Vietnam's railway network blames budget airlines as bottom line goes south

By Phuong Dong   July 4, 2017 | 09:00 pm GMT+7
Vietnam's railway network blames budget airlines as bottom line goes south
The railway sector lost track for revenue last year, and much of the blame falls on low-cost airlines and high-quality coaches. Photo by VnExpress

The finger-pointing parade goes unabated in Vietnam's transport sector.

Turf wars have been breaking out across Vietnam's transport sector in recent months, and it seems no matter what your preferred method of getting from A to B is, there's always somebody complaining about losing out. 

Traditional xe om (motorbike taxi) drivers in Vietnam have been accusing modern ride-hailing services like Grab of straying into their territory, while top taxi firm Vinasun has lambasted Grab and Uber for gobbling up its profits.

Not to be left out of the finger-pointing parade, Vietnam Railways (VNR) is now blaming budget airlines and luxury coaches for dwindling passenger numbers.

In its latest financial report, the company said its revenue dropped 11 percent last year to VND6.52 trillion ($287 million), marking the fourth year in a row its revenue has fallen.

Around 9.8 million people traveled by train last year, a drop of 1.4 million from 2015, it said.

But what did the country's main railway operator expect would happen when airfares became more affordable and coach services more comparable?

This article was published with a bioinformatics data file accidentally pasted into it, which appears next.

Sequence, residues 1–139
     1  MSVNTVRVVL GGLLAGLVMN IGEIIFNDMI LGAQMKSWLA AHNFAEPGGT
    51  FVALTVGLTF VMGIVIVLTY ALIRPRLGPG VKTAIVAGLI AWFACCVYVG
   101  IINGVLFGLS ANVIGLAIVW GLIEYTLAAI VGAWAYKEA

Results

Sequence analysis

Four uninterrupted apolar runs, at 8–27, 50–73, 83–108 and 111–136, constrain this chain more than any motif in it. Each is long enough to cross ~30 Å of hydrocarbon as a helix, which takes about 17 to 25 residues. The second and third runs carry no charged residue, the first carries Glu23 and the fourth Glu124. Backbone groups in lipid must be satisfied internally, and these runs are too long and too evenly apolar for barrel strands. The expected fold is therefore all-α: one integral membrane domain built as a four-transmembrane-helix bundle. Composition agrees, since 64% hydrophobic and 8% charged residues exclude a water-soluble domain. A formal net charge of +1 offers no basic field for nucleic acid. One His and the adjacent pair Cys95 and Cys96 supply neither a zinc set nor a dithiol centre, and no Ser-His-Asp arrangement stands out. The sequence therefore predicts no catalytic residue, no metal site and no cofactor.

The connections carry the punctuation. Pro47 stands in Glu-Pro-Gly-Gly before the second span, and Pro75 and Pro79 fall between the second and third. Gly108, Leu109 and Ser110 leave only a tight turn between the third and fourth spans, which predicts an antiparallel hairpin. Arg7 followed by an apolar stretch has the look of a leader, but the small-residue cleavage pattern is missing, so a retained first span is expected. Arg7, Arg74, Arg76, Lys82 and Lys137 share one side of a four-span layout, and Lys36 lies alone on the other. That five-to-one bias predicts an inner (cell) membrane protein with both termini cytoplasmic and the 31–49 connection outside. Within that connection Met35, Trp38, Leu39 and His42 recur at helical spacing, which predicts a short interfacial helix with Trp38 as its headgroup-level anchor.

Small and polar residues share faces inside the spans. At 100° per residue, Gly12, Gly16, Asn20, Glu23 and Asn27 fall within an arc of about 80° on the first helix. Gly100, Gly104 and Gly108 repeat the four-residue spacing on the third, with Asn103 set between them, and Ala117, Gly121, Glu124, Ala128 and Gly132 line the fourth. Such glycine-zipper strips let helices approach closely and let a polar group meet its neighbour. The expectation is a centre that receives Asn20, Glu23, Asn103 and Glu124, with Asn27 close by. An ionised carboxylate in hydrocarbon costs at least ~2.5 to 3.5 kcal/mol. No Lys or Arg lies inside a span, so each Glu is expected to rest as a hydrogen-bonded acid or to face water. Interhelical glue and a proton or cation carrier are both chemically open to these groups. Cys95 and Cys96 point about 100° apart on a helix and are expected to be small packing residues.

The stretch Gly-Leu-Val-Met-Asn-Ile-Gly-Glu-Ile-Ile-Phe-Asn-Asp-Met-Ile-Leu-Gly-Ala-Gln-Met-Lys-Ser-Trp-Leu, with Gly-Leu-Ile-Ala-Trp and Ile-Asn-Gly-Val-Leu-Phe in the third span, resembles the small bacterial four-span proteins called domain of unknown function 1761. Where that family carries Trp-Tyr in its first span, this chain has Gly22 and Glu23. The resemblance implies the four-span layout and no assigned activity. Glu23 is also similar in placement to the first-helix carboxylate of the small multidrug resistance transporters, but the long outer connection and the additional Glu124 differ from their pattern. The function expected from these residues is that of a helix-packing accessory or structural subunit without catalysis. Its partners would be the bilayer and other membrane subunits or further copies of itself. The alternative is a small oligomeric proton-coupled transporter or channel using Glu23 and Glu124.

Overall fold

The air sector served 52.2 million passengers last year, up 29 percent from 2015, and the domestic sector alone soared 30 percent to 28 million passengers, based on aviation authority data.

The railway company also blames its situation on a bridge that collapsed in the southern province of Dong Nai in March, saying the incident shut down the North-South railway and caused estimated losses of VND535 billion.

The government has agreed to spend VND2.35 trillion on developing the railway sector over the next five years, but VNR says that will only allow it to pay its debts and catch up from previous years.

The railway network accounts for 1.14 percent of passenger transport in Vietnam, compared to 96 percent who travel by road and 2 percent who choose to fly, according to official data. Most freight is also now transported via road.

In an attempt to win back passengers, the railway sector has launched an online booking service, and some companies have rolled out first-class trips with restaurant cars.

A five-star train was launched this year from Ho Chi Minh City to the coastal resort town of Nha Trang, and passengers from Hanoi can now enjoy a touch of class on their way to the northern highlands town of Sa Pa.

Major stations across Vietnam have also started to offer free wi-fi.

VNR said it aims to earn VND7.8 trillion in revenue and VND138 billion in profit this year, and double its passenger numbers by 2020 by upgrading 100 trains.

Last month, lawmakers passed amendments to the Railway Law, promising incentives to investors looking to resuscitate a now unpopular mode of transport. 

The law, which describes railways as crucial to the national transport network, will take effect in July next year. It will potentially give train-related projects easier access to land and funding. Investors will also have access to cheap loans and tax breaks. 

And while lawmakers are trying to give VNR a helping hand, there is a distinct lack of sympathy among the general public.

Some VnExpress readers are calling on the sector to look at itself first before pointing the finger of blame at its 'rivals'.

Some say the current service is slow and outdated, while others are asking why railway networks in other countries are so much better and can still compete with air travel.